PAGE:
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Epidemiology of musculoskeletal symptoms, rheumatologic disorders, and disability in the Zoroastrian population in Yazd, Iran: a WHO-ILAR COPCORD study (stage 1)

Abstract

Background

The purpose of this study was to determine the prevalence of musculoskeletal complaints, rheumatologic diseases, and disability among the Zoroastrian population in Iran.

Methods

The city of Yazd, in central Iran was selected for this study, with the highest population of Zoroastrians in Iran. Subjects were selected by cluster sampling of 9 neighborhoods populated with Zoroastrians. Subjects ≥15 years old were interviewed by trained interviewers in their houses. The validated Farsi translation of Community Oriented Program for the Control of Rheumatic Disease (COPCORD) Core Questionnaire (CCQ) was used for this study. Subjects with musculoskeletal complaints (pain, stiffness and/or swelling) were examined by a rheumatologist. Laboratory tests and radiographic exams were performed when deemed necessary.

Results

Two-thousand subjects were interviewed during a 12-month period, of which 956 were male, and 1044 were female. The mean age was 41.1 ± 18.3 years (95%CI: 40.3–41.9). 36.9% of the subjects had university-level education. In the 7 days prior to the interview, 27.6% of the subjects had musculoskeletal complaints, with the knee, dorsolumbar spine, and shoulder being the most common sites of complaints. The most common rheumatologic diagnoses were osteoarthritis (21.5%) and low back pain (10.3%). Rheumatoid arthritis was diagnosed in 1.2% of the subjects.

Conclusions

The epidemiology of musculoskeletal complaints and rheumatologic disorders was inconsistent with previous COPCORD studies in Iran, with a lower prevalence of musculoskeletal complaints in general, lower rates of Behçet and lupus, and a higher prevalence of rheumatoid arthritis. The findings of this study can be for development of better prevention, screening, and treatment programs for the vulnerable population of Zoroastrians in Iran.

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Background

The Community Oriented Program for Control of Rheumatic Diseases (COPCORD) was established in 1981 by WHO (World Health Organization) and ILAR (International League of Associations of Rheumatology), focusing on pain and disability caused by rheumatologic disorders in the developing countries. This initiative was launched with the aims of recognition, prevention, and control of rheumatologic disorders in communities with limited infrastructure and financial resources. To date, 21 countries have undertaken stage 1 of the program, which sought to evaluate at least 1500 people over 15 years of age. While being a non-governmental project relying on local funds and resources, COPCORD has proven to be an outstanding endeavor to improve our understanding of the burden of musculoskeletal disorders in communities with the least access to healthcare. More information about the program’s agenda is available on the COPCORD website (www.copcord.org).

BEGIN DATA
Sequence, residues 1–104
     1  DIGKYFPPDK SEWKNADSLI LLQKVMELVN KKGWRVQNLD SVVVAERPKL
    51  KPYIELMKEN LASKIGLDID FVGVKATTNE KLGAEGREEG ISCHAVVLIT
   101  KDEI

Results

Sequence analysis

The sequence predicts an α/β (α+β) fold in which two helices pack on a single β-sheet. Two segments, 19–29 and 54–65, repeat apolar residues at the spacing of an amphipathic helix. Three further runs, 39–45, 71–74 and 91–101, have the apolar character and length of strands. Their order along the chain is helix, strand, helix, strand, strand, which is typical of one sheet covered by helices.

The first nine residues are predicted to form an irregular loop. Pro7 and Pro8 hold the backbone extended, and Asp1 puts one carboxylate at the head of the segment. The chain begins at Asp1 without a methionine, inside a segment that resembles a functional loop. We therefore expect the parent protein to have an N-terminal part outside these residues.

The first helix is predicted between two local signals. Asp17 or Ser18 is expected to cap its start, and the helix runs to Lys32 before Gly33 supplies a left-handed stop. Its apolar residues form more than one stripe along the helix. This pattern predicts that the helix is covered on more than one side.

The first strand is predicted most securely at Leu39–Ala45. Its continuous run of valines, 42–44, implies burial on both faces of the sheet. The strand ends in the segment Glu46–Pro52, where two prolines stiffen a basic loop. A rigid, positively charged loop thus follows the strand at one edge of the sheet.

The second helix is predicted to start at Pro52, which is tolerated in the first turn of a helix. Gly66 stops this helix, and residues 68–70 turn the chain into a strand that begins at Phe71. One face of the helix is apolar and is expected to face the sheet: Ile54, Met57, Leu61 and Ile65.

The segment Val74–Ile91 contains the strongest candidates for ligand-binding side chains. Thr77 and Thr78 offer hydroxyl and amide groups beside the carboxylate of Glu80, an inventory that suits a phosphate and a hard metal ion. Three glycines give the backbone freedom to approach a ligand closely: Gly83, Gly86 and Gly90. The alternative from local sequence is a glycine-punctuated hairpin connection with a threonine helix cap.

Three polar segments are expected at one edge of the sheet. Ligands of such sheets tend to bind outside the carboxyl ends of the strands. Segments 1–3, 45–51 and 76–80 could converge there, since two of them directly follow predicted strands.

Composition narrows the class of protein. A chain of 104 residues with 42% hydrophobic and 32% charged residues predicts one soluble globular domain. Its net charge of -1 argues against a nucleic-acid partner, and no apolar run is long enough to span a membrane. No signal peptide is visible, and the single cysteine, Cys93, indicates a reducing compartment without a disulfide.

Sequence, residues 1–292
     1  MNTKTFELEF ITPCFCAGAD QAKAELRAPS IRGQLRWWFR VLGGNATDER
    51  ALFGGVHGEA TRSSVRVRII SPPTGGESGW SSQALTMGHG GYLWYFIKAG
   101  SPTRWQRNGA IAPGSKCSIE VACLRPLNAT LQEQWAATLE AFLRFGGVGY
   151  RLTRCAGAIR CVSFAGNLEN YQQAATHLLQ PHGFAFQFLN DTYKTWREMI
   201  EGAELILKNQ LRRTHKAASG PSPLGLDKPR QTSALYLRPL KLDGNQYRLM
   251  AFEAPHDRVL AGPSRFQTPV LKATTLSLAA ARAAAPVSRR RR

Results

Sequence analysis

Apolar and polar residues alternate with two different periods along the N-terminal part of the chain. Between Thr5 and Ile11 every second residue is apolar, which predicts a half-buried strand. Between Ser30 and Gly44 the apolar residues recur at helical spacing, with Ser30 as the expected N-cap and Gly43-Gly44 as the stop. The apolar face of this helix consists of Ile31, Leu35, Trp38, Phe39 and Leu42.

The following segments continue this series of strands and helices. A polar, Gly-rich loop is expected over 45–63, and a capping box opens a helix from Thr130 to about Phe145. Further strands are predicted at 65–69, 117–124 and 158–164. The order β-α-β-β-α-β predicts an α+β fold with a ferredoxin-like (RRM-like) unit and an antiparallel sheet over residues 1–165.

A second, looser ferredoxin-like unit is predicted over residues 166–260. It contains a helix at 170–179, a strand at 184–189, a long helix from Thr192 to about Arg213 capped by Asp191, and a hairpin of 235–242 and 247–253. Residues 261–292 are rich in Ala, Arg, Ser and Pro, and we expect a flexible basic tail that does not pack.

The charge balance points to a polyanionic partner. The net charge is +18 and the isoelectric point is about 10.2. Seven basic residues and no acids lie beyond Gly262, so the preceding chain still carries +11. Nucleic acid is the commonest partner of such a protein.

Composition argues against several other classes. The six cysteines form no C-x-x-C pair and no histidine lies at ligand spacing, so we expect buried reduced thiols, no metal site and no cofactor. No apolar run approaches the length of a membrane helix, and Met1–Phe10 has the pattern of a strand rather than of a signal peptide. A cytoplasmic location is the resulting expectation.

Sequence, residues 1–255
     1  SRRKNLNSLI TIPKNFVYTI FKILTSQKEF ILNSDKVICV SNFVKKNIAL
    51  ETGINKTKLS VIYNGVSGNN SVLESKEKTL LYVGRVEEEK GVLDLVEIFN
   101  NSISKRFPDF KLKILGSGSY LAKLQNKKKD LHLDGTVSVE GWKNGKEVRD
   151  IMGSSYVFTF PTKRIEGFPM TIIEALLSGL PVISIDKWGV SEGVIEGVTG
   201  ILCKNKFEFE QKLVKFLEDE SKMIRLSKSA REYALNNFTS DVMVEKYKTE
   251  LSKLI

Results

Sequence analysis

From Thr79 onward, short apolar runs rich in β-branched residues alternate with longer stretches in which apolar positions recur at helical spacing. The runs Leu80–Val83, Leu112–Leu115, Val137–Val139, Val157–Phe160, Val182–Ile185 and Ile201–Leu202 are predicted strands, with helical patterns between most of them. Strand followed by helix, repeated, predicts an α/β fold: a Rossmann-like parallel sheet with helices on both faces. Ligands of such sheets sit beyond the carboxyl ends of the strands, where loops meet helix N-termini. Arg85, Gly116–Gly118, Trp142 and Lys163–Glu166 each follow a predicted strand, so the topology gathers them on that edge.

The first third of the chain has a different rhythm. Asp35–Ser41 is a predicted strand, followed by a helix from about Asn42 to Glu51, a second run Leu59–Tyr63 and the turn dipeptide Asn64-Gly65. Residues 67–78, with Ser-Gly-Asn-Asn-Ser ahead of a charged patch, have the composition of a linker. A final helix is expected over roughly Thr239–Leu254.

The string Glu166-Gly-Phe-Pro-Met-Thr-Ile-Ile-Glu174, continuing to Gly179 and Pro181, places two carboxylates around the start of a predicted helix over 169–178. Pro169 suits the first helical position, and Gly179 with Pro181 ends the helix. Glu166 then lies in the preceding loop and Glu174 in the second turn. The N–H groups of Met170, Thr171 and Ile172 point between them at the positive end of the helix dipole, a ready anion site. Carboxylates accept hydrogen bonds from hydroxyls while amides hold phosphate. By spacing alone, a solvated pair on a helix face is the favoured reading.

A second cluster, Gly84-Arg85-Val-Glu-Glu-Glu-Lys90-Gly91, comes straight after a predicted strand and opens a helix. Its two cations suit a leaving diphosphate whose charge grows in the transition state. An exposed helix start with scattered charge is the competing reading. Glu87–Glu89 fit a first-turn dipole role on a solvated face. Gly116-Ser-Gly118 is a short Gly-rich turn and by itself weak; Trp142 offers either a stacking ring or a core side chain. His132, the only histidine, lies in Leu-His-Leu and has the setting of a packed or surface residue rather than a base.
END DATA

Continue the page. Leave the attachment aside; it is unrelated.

Iran is situated in the crossroads of the East and West and is in the middle of the ancient silk route. Due to its unique geographic, demographic, and political situation in the world, as well as good healthcare infrastructure, Iran was an interesting addition to the COPCORD project. To date, multiple COPCORD studies have been performed in Iran as part of stage 1 of the project. A pilot study [1] was followed by an urban study in Tehran [2]. Tehran, the capital city of Iran, was selected as the first urban center for the study, mainly because it represented all ethnic groups in the country and the availability of resources [2]. With 10,291 subjects, it was one of the most successful COPCORD studies to date and was followed by a rural study in Tuyserkan [3]. Zahedan, a city in the less developed southeast of Iran, was the subject of the second urban study [4]. Sanandaj, situated in northwestern Iran, with a mainly Kurd population, was the next COPCORD urban field [5]. The fourth study was performed in Yazd, and the combined data from all four urban COPCORD sites have been analyzed [6].

As a protected minority group, the Zoroastrian community has inhabited central Iran, particularly the Yazd province, for centuries. While efforts have been made to promote inclusion and diversity, discrimination still exists against protected communities. The prevalence of mental illnesses, including depression and anxiety, has a higher incidence among Zoroastrian communities [7]. The purpose of this study was to report the results of the fourth urban COPCORD study, conducted among the Zoroastrian population in Yazd, Iran, to determine the prevalence of musculoskeletal complaints, rheumatologic diseases, and disability among the Zoroastrian population in Iran.

Methods

Yazd, the capital city of the Yazd province, was selected for this study. Yazd, with a population of 529,673, was selected due to its unique ethnic distribution. Iran has a heterogeneous ethnic distribution overall, with 75.4% of the population being Caucasians and around 22% Turks. Semites constitute the third-largest population, with 2.6% of the population, and include Arabs, Jews, and Assyrians. Zoroastrians are another Caucasian minority, mainly concentrated in Yazd. While most of the population in Iran are of mixed descent, the Zoroastrian population of Yazd has maintained a semi-closed community with a very low rate of intermarriage. The Zoroastrians have not been the subject of a community-based study before, with a knowledge void regarding the epidemiology of diseases, particularly common musculoskeletal symptoms and rheumatologic disorders.

Sampling plan

The population of Zoroastrians in Iran stood at 25,271 according to the latest census results, with the vast majority residing in the Yazd province [8]. Nine neighborhoods with a high Zoroastrian population were chosen, and subjects were recruited by cluster sampling in those neighborhoods.